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OVERVIEW:

  • 1. FACTS ABOUT HONDA MOTORS

  • 2. MOTORBIKE MARKET IN US BEFORE HONDA ENTRY

  • 3. POSITIONING OF HONDA IN US MARKET

  • 4. COMPETITIVE FORCES OF STRATEGY

  • 5. STRENGTH OF HONDA MOTORS

  • 6. STRATEGY OF HONDA IN US (AS PER BCG)

  • 7. COUNTER ARGUMENTS OF STRATEGY MENTIONED IN POINT 6 (BY PASCAL)

  • 8. WHY DIFFERENCES IN THE ANALYSIS ??

  • 9. SUMMARY

OVERVIEW: 1. FACTS ABOUT HONDA MOTORS 2. MOTORBIKE MARKET IN US BEFORE HONDA ENTRY 3. POSITIONING

FACTS OF HONDA:

  • 1. Honda is the world's largest manufacturer of motorcycles as well as the world's largest manufacturer of internal combustion engines measured by volume, producing more than 14 million internal combustion engines each year.

  • 2. Honda surpassed Nissan in 2001 to become the second-largest Japanese automobile Manufacturer. As of August 2008, Honda surpassed Chrysler as the fourth largest automobile manufacturer in the United States. Honda is the sixth largest automobile manufacturer in the world.

  • 3. Honda headquarters: Minato, Tokyo.

  • 4. Trades in: Tokyo Stock Exchange and the New York Stock Exchange, as well as exchanges in Osaka, Nagoya, Sapporo, Kyoto, Fukuoka, London, Paris and Switzerland.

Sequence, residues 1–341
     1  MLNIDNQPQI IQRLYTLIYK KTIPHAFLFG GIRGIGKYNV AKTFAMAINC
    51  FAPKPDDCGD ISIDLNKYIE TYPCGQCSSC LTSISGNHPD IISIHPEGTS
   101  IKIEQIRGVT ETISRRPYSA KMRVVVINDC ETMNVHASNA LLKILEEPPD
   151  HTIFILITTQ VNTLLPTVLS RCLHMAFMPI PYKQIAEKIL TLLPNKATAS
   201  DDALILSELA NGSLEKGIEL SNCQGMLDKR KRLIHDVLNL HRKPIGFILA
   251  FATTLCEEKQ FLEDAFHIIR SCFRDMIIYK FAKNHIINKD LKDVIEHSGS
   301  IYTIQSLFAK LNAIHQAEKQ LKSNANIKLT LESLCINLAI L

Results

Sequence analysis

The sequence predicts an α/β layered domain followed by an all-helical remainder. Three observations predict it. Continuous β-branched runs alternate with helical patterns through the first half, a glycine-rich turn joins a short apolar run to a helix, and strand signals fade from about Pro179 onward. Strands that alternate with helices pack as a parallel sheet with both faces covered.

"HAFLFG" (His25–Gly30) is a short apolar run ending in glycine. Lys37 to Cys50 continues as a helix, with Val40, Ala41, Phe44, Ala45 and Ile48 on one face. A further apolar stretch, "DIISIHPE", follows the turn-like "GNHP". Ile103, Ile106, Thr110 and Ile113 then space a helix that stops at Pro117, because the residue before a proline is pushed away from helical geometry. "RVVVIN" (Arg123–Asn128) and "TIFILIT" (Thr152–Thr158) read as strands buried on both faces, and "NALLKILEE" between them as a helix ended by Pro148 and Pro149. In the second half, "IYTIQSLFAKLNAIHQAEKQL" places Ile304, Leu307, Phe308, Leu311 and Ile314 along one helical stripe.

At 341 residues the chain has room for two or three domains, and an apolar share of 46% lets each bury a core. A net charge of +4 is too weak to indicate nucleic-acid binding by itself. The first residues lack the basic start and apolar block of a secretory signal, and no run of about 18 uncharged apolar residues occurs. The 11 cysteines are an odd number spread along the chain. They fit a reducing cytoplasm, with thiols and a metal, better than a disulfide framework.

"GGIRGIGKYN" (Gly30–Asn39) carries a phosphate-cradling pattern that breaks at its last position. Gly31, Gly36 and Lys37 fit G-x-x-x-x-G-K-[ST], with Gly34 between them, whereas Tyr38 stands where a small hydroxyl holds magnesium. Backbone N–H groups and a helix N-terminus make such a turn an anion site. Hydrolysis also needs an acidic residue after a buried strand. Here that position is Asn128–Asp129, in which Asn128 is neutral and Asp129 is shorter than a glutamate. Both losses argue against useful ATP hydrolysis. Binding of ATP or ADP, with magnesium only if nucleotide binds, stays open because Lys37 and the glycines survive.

• 5. Leadership 19481973 Soichiro Honda 19731983 Kiyoshi Kawashima 19831990 Tadashi Kume 19901998 Nobuhiko Kawamoto 19982004 Hiroyuki Yoshino 20042009 Takeo Fukui since 2009 Takanobu Ito

FACTS OF HONDA: 1. Honda is the world's largest manufacturer of motorcycles as well as the

FACTS OF HONDA:

  • 6. With high fuel prices and a weak US economy in June 2008, Honda reported a 1% sales increase while its rivals, including the Detroit Big Three and Toyota, have reported double-digit losses. Honda's sales were up almost 20 percent from the same month last year. The Civic and the Accord were in the top five list of sales.

  • 7. Analysts have attributed this to two main factors.

    • i. First, Honda's product lineup consists of mostly small to mid-size, highly fuel-efficient vehicles. Secondly, over the last ten years, Honda has designed its factories to be flexible, in that they can be easily retooled to produce any Honda model that may be in-demand

ii.

at the moment.

  • 8. The company has assembly plants around the globe located at China, USA, Pakistan, Canada, England, Japan, Belgium, Brazil, New Zealand, Indonesia, India, Thailand, and Turkey.

FACTS OF HONDA: 6. With high fuel prices and a weak US economy in June 2008,

MOTORBIKE MARKET IN US BEFORE

  • 1. Harley Davidson was market leader with $ 6.6m sales in 1959.

  • 2. Bad image of the motorcycle riders, as a trouble maker.

  • 3. British and US companies major supplier of the motorcycles.

  • 4. Target customers were the police, army ..etc

  • 5. Leaking oil and clutch problems were the major issues in the bikes (1959).